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As of now I'm using below line to print with out dot's

fprintf( stdout, "%-40s[%d]", tag, data);

I'm expecting the output would be something like following,

Number of cards..................................[500]
Fixed prize amount [in whole dollars]............[10]
Is this a high winner prize?.....................[yes]

How to print out dash or dot using fprintf/printf?

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7 Answers

up vote 10 down vote accepted

A faster approach:

If the maximum amount of padding that you'll ever need is known in advance (which is normally the case when you're formatting a fixed-width table like the one you have), you can use a static "padder" string and just grab a chunk out of it. This will be faster than calling printf or cout in a loop.

static const char padder[] = "......................"; // Many chars

size_t title_len = strlen(title);
size_t pad_amount = sizeof(padder) - 1 - title_len;

printf(title); // Output title

if (pad_amount > 0) {
    printf(padder + title_len); // Chop!
}

printf("[%d]", data);

You could even do it in one statement, with some leap of faith:

printf("%s%s[%d]", title, padder + strlen(title), data);
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your last suggestion breaks if strlen(title) > strlen(padder) –  Christoph Jan 16 '09 at 19:28
    
@Christoph, hence the proclaimed "leap of faith" :) –  Ates Goral Jan 16 '09 at 19:48
    
@Ates: interesting concept, this 'faithful programming' of yours ;) –  Christoph Jan 16 '09 at 20:07
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You are going to have to output the string with the dot or dash padding yourself.

Something like (forgive my C, it's rusty):

printAmount(char *txt, int amt) {
    printf("%s",txt);
    for(int xa=strlen(txt); xa<40; xa++) { putc('.'); }
    printf("[%d]",amt);
    printf("\n");
    }
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You can't do it in one statement. You can use sprintf, then substitute dots for spaces yourself, or do something like

int chars_so_far;
char padder[40+1]= '..........'; //assume this is 40 dots.
printf("%.40s%n",tag,&chars_so_far);
printf("%s[%d]",padder+chars_so_far,data);


Edit: Simplified my example above based on @Ates' padder concept. This way doesn't require any 'leaps of faith', about whether the tag string is too big or too small - it always starts the data in column 41.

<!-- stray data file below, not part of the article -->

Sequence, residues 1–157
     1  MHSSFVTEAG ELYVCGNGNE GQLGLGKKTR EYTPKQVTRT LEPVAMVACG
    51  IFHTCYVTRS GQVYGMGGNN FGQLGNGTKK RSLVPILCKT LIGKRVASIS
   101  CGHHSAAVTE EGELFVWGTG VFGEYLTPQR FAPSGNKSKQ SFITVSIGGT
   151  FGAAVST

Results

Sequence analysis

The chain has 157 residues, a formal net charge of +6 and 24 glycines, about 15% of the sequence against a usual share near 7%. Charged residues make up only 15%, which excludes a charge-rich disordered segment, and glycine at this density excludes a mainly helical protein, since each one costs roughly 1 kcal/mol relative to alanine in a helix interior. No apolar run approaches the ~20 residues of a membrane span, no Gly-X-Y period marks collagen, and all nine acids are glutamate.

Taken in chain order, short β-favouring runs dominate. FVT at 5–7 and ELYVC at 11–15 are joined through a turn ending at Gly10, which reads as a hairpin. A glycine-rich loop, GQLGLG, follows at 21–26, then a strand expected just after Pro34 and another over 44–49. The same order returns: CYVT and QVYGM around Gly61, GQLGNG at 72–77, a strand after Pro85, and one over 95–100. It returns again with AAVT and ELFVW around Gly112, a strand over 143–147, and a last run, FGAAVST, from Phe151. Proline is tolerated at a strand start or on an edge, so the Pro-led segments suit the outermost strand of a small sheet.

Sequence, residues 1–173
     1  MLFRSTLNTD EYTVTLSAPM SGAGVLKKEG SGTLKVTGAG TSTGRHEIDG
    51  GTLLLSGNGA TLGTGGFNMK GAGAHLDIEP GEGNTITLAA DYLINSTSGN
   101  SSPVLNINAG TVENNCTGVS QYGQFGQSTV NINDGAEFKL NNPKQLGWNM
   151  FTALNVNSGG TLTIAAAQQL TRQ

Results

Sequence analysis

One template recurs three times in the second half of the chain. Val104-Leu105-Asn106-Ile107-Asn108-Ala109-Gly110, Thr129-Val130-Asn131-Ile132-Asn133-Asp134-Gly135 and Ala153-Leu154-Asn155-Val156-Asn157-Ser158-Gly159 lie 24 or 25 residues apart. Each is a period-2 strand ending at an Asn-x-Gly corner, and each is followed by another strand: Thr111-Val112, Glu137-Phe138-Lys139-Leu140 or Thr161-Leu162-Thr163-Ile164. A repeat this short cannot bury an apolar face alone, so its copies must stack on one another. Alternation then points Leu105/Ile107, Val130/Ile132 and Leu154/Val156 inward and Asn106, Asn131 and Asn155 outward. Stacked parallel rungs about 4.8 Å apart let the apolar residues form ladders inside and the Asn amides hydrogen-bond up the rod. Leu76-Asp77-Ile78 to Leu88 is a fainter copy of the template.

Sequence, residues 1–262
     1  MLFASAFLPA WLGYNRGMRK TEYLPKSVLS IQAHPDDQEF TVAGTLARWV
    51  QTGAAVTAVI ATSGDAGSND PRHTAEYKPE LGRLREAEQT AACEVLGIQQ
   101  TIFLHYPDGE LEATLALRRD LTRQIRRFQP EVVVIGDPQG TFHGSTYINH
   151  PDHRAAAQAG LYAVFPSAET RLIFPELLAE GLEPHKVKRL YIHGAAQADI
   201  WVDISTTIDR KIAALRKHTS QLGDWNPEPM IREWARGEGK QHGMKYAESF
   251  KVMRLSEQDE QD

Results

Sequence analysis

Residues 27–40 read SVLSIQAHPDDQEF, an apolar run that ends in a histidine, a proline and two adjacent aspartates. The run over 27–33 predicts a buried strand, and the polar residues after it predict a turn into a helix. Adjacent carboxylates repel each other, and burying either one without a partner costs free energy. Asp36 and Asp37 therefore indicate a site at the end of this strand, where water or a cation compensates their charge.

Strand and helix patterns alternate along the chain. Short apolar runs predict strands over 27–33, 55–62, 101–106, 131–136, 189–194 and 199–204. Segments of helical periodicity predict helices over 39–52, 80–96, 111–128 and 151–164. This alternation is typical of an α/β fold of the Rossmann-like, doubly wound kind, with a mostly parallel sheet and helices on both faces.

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I think it can be done in one statement. –  Ates Goral Jan 16 '09 at 19:08
    
@Ates: it could, but imo not without two calls to strlen() if you want to properly check boundaries - therefore, you need to cache this value -> two statements! –  Christoph Jan 16 '09 at 19:24
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I'd suggest writing a function that pads a string with X characters and use that to generate the first argument to your printf string. Something like:

char s[40];
pad_str(tag, s, 40, '.');
fprintf( stdout, "%-40s[%d]", s, data);

Note that the third line of your sample data would need this format:

"%-40s[%s]"
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Another solution using a tiny helper function

static inline size_t min(size_t a, size_t b)
{
    return a < b ? a : b;
}

Then, you can do the following:

char padder[] = "........................................";
int len = min(strlen(tag), sizeof(padder) - 1);
printf("%.*s%s[%d]", len, tag, padder + len, data);

This is essentially what Ates posted, but I actually figured this out on my own ;)

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Change the size_t to int; you must pass an int to the '*' in the printf() family of functions. –  Jonathan Leffler Jan 16 '09 at 20:57
    
Or make the helper more helpful: printf("%s%s[%d]", title, getPadding(title), data); –  Ates Goral Jan 16 '09 at 20:59
    
@Jonathan: thanks, corrected it... –  Christoph Jan 16 '09 at 21:26
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You can easily do this with iostreams instead of printf

cout << setw(40) << setfill('.') << left << tag[i] << '[' << data[i] << ']' << endl;

Or if you really need to use fprintf (say, you are passed a FILE* to write to)

strstream str;
str << setw(40) << setfill('.') << left << tag[i] << '[' << data[i] << ']' << endl;
printf(%s", str.str());
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+1 for being easy to read and understand and not breaking under certain (albeit somewhat uncommon situations). –  Nick Presta Jan 16 '09 at 21:27
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I think there's a better way.

#include <string.h>
#include <stdio.h>

#define MIN(A,B) ((A)<(B)?(A):(B))
char *dashpad(char *buf, int len, const char *instr) {
    memset(buf, '-', len);
    buf[len] = 0;
    int inlen = strlen(instr);
    memcpy(buf, instr, MIN(len, inlen));
    return buf;
}
main() {
    char buf[40];
    printf("%s\n", dashpad(buf, 40, "Hello world, dash padded "));
}
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First filling the entire buffer with the pad character, and then overwriting them seems a bit wasteful though... –  Ates Goral Jan 17 '09 at 0:40
    
Also, you have a buffer overrun (don't you love C) - s/be: buf[len-1]=0; –  Lawrence Dol Jan 17 '09 at 7:48
    
And you have a null-erasure bug in you min(), which should also be len-1. –  Lawrence Dol Jan 17 '09 at 7:50
    
is it possible to call a function inside printf? –  Thi Jan 17 '09 at 19:47
    
@Thi: Yes this is legitimate - the function is invoked and it's return passed as a parameter to printf... this is normal coding in any procedural, OOP or functional language. –  Lawrence Dol Jan 18 '09 at 22:08
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